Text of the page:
Snake Root, Bloodletting and Winners!

I’ve been sick most of this week and Behind on Everything, so I thought I’d recycle this post from a few years ago. Old but still apropos.

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“People do not die of little trifling colds.”

But what Mrs. Bennett didn’t say is sometimes it feels like you could.

I’m so annoyed. The kids have just gone back to school and this was supposed to be my chance to reconnect with my writing. Instead, I’m battling a stuffy nose, the plugged ears, chest congestion, cough and interrupted sleep. Despite the vaporizer fogging our upstairs with eucalyptus steam and a full complement of medicines, traditional and herbal, I am just barely functional when I wanted to be blazing into the new story. It’s so not fair!

Anyway, I thought I’d check out one of my period sources on medicine. It’s DOMESTIC MEDICINE, by William Buchan, first published in 1769 with 18 subsequent editions. Buchan was pretty forward-thinking about general health and prevention and many of his suggestions are far less kooky than those of his counterparts (though that’s not saying much!) I think of it as the sort of book my heroines might have owned and used to help keep their families healthy during the happily-ever-after.

Anyway, here are some suggestions:

“THE patient ought to lie longer than usual a-bed…”

Please, Dr. Buchan, tell that to my kids!

“A SYRUP made of equal parts of lemon-juice, honey, and sugar-candy, is likewise very proper in this kind of cough. A table-spoonful of it may be taken at pleasure.”

This sounds very nice.

“If the pulse therefore be hard and frequent, the skin hot and dry, and the patient complains of his head or breast, it will be necessary to bleed, and to give the cooling powders recommended in the scarlet fever, every three or four hours, till they give a stool.”

I checked some of the recommended medications, and they include “Peruvian bark” and “snake root”. Googling these exotic terms, I learned that Peruvian Bark is also called cinchona bark, and can still be used to treat fevers. Seneca Snake Root has expectorant properties. OK, so far, Dr. Buchan is not so dumb.

However, I don’t think my medicine cabinet contains any Peruvian Bark or Snake Root…

And the bleeding I could definitely do without!

Here’s another tidbit.

“MANY attempt to cure a cold by getting drunk. But this, to say no worse of it, is a very hazardous experiment.”

Aw, I’m willing to try it at this point. It couldn’t make me feel any worse, could it????

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I’m still not up for bloodletting, but I am grateful for: Advil Cold & Sinus, echinacea and green tea. As a bonus, this week I watched Northanger Abbey (the delightful 2007 version) with my older daughter, who was also sick and off school for a day. I’d been promising her this ever since we read the book together, and it certainly made us both feel better!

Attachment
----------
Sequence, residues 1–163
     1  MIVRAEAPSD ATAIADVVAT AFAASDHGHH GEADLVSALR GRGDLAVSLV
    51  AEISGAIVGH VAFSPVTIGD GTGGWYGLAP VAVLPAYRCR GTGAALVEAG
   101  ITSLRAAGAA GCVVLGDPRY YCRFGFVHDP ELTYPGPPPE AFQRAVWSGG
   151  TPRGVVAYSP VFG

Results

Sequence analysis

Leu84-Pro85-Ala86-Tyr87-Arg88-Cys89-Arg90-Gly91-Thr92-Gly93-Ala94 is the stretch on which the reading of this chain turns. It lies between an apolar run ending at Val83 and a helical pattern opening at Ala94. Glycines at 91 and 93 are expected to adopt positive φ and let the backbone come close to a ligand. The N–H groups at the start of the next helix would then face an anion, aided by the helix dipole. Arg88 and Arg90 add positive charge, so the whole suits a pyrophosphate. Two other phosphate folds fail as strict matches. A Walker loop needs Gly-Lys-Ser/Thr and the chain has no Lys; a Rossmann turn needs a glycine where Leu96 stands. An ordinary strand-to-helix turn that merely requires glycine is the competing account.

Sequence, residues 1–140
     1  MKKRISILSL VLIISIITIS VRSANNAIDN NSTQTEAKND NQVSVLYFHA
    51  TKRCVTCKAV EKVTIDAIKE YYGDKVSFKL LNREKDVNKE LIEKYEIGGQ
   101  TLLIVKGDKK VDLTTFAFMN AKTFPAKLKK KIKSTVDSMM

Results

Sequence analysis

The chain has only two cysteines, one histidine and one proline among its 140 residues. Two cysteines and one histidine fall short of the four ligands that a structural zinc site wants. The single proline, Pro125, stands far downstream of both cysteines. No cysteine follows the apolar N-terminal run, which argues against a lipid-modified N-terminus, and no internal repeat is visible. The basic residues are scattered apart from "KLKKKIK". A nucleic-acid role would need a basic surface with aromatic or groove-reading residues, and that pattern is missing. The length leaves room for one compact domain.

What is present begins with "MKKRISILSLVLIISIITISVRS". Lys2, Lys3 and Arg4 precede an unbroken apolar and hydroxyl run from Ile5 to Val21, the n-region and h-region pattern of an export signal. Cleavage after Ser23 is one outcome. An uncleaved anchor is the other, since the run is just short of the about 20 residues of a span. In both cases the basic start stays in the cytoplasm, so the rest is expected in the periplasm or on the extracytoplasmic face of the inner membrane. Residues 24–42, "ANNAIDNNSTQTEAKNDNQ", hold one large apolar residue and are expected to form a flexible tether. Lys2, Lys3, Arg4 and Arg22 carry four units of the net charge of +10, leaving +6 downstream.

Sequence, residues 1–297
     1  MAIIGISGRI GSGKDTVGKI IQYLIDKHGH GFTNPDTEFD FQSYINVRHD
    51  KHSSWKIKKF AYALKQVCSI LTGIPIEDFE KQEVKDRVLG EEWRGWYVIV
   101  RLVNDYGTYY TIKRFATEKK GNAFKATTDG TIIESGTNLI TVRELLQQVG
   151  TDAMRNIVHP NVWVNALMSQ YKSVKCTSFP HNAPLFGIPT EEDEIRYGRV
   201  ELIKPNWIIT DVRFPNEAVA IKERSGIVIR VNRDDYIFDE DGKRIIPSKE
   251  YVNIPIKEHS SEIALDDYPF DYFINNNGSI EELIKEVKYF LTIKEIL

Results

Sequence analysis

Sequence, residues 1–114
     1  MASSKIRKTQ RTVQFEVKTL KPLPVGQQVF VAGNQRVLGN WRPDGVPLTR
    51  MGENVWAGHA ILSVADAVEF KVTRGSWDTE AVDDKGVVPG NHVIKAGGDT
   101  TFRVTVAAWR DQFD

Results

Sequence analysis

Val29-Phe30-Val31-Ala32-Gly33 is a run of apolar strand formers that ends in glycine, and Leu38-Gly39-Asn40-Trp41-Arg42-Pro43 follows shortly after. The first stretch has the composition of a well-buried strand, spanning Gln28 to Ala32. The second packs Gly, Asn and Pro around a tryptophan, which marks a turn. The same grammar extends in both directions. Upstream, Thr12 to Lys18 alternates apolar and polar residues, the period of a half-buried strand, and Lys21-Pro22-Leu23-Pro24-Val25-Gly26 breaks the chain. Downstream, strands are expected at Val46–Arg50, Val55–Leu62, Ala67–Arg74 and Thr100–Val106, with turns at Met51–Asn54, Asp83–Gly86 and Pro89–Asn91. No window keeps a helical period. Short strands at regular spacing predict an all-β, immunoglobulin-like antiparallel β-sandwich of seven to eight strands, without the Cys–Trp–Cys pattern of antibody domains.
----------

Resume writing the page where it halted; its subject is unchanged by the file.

How do you comfort yourself through a cold?

And congratulations to the following winners of a Kindle or Nook copy of SAVING LORD VERWOOD. Please send your email address, and if you wish, the email address of a friend who might enjoy a copy, to elena @ elenagreene.com (no spaces). Also, please be sure to let me know if you want Nook or Kindle.

Karen
Lorraine
Maria D
Helena
CrystalGB

Elena
www.elenagreene.com
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About Elena Greene

Elena Greene grew up reading anything she could lay her hands on, including her mother's Georgette Heyer novels. She also enjoyed writing but decided to pursue a more practical career in software engineering. Fate intervened when she was sent on a three year international assignment to England, where she was inspired to start writing romances set in the Regency. Her books have won the National Readers' Choice Award, the Desert Rose Golden Quill and the Colorado Romance Writers' Award of Excellence. Her Super Regency, LADY DEARING'S MASQUERADE, won RT Book Club's award for Best Regency Romance of 2005 and made the Kindle Top 100 list in 2011. When not writing, Elena enjoys swimming, cooking, meditation, playing the piano, volunteer work and craft projects. She lives in upstate New York with her two daughters and more yarn, wire and beads than she would like to admit.
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